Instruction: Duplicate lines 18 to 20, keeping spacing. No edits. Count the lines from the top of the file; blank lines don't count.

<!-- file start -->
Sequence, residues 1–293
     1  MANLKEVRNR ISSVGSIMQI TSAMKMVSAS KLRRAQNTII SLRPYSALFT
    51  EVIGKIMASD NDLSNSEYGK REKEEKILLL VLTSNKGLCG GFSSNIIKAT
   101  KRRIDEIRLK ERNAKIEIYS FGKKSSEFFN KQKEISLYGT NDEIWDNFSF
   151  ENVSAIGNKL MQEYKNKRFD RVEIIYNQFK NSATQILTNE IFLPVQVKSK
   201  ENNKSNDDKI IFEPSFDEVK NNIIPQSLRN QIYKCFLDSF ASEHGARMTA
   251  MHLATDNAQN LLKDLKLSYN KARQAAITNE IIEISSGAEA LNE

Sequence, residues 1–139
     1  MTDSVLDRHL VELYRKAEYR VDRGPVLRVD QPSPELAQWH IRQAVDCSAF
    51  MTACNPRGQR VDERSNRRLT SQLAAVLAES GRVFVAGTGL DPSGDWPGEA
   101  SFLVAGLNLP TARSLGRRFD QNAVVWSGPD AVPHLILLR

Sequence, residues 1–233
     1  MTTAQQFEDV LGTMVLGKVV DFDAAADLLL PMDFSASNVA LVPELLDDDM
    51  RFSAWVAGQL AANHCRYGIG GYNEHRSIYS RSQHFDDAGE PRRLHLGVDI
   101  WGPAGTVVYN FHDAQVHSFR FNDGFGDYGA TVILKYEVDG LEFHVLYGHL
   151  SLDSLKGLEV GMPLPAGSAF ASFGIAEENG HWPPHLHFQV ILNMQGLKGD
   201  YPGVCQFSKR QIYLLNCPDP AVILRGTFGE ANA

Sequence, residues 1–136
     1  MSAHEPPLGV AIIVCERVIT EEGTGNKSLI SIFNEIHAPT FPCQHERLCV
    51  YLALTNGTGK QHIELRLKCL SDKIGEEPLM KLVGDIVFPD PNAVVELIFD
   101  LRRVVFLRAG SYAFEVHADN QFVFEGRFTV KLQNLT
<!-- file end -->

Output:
Sequence, residues 1–136
     1  MSAHEPPLGV AIIVCERVIT EEGTGNKSLI SIFNEIHAPT FPCQHERLCV
    51  YLALTNGTGK QHIELRLKCL SDKIGEEPLM KLVGDIVFPD PNAVVELIFD